Tijuana Bibles : Art and Wit in America's Forbidden Funnies, 1930s-1950s
Bob AdelmanISBN: 0743255895;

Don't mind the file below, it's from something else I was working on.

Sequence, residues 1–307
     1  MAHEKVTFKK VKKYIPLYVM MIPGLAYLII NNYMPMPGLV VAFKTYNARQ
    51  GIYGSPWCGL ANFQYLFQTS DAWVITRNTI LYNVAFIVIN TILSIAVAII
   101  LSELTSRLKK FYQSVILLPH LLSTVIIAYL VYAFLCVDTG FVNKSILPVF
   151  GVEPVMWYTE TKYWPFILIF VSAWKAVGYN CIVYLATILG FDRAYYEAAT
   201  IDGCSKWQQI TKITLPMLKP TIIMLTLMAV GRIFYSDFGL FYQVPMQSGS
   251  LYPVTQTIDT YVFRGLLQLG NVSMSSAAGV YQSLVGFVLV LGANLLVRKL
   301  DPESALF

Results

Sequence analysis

Amazon.comWhen Robert Crumb, S. Clay Wilson, Gilbert Shelton, and other Bay Area misfits first started producing "underground" comics in the '60s, they were considered to be highly innovative in their use of frank sexual themes. However, some 10 to 15 years before they commenced their explicit, often offensive cartoons, another genre of pornographic graphics was dying out, the so-called "Tijuana Bibles" (or sometimes "Cuban Bibles," "French Bibles," etc.). Simon & Schuster has released a collection of these antique obscenities that often featured famous political, show business, or cartoon figures having more fun than mainstream censors would have allowed. The introduction, by comic book apologist and New Yorker comics editor Art Spiegelman, is anamusing and sarcastic look at the history of this lost medium, with some interesting reflections on the genre, noting that "Though there are bound to be those who will loudly declaim that the Tijuana Bibles demean women, I think...
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